Voice Retrospect: How 'Control' depicted the extraordinarily short life of an icon

Control detailed a tragic ending to a promising career 

Voice Retrospect: How 'Control' depicted the extraordinarily short life of an icon

Filmed in black and white, ‘Control’ explores the rise and death of Ian Curtis. Lead singer of Manchester muses Joy Division. The band became one of the most well-loved acts of the 80s, marking a cultural shift in music and Manchester respectively. Their enigmatic sound led the way in post-punk with a more DIY culture and melodic sound off-set by brutally honest dark lyricism, and Ian foreshadowing his own death.

The film takes its name from the Joy Division track ‘She’s Lost Control’, a track Curtis wrote after someone he knew died of epilepsy – something that would later be experienced by Ian himself. The title alone is a striking metaphor for the story of a man who so desperately wanted to control the uncontrollable and the desire to be free from his own mind.

In the film, Ian Curtis is played by Sam Neil, one of the most illustrious castings in modern cinema – both perfection and a far cry from imitation. Sam Neil manages to embody one of the most troubled yet celebrated characters in music history. The film intertwines the star's love life alongside his battle with disability and passion for music whilst managing to eradicate any form of trashy storytelling that many biopics seem to possess

The main difference between ‘Control’ to other biopics is the focus on the mundane and dreary rather than the glitz and glamour of rock’n’roll life. It's a deep dive into troubled souls, kindred spirits and the darkest depths of the mind. It's as earnest as Ian himself, and the black and white cinematography adds to the air of disillusion whilst transporting the viewer back to the dingy historic streets of Manchester. 

By far one of the most important aspects of the film is its ability to portray disability and depression in a sensitive yet candid way. The biopic follows Ian’s struggle coming to terms with his epilepsy which eventually spearheaded his battle with depression that would later take his life at the age of 23. Many films showcase disability and mental health in a fantastical fashion, something to either be ashamed of or pitied, but ‘Control’ epitomises what life was like for both Ian and others dealing with the conditions in a time when both were heavily stigmatised. It would be great to say this isn't relevant today, but unfortunately the reason why the film strikes such a cord is due to its familiarity with the trials and tribulations of the modern-day.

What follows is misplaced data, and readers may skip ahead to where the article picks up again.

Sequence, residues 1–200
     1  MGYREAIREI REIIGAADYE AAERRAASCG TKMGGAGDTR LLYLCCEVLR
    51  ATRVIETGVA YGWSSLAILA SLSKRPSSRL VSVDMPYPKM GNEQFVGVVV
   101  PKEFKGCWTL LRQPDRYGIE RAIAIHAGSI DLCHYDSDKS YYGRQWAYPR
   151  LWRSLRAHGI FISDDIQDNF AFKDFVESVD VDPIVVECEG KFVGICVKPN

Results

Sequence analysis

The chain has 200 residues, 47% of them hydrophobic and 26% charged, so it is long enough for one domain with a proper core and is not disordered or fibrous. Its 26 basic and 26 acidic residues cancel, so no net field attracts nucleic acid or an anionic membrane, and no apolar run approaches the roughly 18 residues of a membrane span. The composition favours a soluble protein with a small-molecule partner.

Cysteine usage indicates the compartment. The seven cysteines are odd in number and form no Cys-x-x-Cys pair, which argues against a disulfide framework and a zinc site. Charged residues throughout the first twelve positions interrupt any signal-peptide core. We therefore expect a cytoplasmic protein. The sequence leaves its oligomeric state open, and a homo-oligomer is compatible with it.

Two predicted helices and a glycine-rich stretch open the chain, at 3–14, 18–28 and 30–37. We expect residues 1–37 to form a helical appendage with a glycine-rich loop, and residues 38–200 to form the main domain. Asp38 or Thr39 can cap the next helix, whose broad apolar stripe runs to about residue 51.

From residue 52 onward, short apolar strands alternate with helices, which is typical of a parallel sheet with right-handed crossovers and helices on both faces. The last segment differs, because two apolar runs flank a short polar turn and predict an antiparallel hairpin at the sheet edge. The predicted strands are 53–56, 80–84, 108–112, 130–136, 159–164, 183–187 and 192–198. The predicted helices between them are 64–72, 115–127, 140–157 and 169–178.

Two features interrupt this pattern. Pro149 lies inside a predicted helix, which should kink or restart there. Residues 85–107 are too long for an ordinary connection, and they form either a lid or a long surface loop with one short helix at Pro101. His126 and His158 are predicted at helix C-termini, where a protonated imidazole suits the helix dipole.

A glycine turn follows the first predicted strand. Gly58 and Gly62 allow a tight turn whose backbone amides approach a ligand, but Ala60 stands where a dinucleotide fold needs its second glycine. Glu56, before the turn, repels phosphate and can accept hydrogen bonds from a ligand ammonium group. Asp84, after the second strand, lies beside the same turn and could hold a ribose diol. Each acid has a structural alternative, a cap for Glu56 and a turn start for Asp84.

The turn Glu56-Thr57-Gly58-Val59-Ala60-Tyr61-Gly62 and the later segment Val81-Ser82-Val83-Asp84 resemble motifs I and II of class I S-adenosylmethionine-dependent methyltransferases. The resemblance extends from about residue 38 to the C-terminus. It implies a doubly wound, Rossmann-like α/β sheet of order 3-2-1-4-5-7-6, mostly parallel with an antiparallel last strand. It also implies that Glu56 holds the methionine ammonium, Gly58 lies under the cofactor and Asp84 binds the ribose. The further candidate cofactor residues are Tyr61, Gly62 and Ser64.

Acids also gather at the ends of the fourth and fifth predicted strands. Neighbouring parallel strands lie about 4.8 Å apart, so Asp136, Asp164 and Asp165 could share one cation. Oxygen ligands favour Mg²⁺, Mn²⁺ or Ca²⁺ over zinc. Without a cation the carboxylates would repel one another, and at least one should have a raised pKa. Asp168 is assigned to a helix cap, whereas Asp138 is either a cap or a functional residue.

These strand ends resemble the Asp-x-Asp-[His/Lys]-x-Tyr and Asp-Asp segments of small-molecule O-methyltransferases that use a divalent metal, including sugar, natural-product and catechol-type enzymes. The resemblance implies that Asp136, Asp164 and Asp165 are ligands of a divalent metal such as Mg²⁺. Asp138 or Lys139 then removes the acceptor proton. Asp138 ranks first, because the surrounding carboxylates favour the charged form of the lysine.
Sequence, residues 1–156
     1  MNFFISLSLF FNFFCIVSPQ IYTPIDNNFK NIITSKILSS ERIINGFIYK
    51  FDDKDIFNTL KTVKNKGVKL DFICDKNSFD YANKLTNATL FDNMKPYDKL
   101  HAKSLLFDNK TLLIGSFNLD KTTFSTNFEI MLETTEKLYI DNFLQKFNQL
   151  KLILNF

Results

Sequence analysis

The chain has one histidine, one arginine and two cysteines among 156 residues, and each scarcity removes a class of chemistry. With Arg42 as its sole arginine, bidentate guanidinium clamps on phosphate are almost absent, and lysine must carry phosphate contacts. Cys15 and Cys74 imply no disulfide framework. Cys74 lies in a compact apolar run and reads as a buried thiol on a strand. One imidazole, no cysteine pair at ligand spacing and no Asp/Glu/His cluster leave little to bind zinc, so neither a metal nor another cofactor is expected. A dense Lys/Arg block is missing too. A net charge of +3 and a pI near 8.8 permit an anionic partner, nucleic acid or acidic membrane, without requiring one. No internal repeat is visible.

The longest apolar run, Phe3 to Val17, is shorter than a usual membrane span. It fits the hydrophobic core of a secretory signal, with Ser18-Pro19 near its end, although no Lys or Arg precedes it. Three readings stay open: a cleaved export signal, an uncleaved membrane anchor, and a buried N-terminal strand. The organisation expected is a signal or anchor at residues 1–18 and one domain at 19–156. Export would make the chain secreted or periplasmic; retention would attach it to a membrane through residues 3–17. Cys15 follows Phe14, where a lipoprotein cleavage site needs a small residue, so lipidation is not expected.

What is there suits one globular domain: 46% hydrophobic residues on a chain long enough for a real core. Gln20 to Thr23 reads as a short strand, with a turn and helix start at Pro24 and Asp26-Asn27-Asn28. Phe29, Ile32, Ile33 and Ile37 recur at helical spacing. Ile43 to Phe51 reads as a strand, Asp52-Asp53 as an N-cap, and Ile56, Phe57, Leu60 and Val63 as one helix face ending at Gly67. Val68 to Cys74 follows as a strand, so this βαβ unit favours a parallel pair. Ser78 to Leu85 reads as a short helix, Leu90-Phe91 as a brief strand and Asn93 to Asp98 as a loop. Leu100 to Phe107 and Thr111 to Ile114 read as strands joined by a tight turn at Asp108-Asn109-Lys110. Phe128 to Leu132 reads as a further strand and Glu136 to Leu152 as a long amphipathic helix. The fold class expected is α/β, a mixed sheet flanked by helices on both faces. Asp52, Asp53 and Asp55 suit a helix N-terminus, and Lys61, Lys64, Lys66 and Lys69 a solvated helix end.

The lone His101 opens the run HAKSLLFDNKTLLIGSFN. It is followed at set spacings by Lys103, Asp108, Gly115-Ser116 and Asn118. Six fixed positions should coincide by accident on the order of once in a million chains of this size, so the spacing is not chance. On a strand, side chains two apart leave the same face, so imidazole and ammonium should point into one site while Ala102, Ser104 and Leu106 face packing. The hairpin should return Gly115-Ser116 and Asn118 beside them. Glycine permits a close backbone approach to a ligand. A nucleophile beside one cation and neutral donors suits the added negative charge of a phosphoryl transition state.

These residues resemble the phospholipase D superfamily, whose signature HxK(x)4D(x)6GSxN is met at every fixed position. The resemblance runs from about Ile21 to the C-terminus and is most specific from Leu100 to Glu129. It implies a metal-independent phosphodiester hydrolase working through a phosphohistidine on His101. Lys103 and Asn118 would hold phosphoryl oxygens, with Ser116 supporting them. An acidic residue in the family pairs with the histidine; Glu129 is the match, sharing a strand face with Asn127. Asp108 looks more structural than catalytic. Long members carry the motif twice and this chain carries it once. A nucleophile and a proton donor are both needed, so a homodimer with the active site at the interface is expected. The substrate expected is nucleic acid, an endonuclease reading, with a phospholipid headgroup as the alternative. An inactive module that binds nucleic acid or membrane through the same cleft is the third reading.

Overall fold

‘Control’ is one of the most underrated biopics in modern history and despite its critical acclaim it seems to have sunk into the background. It's one of the most heartfelt sincere stories in music that's well balanced between the story of life and the celebration of music. 

Ian Curtis tragically took his own life in 1980 at the age of 23. Despite this, Joy Division remains at the forefront of post-punk inspiring generations of musicians and fans alike. The sound of both ‘Unknown Pleasures’ and ‘Closer’ continue to live on, and smash hit ‘Love Will Tear Us Apart’ was named the greatest single of all time by NME. Ian’s stage presence and poetic tendencies are still heavily admired in Manchester and beyond.

Header Image Credit: Remko Hoving / Flickr

Author

Faith Martin

Faith Martin Kickstart

Faith worked as a freelance journalist for a year after finishing her studies at Portsmouth College, writing for a number of esteemed publications as well as running her own music blog before joining Voice Magazine as a Kickstart Trainee Journalist. An avid vinyl collector and gig-goer, Faith also campaigns for disability rights and better disabled access at live music events.

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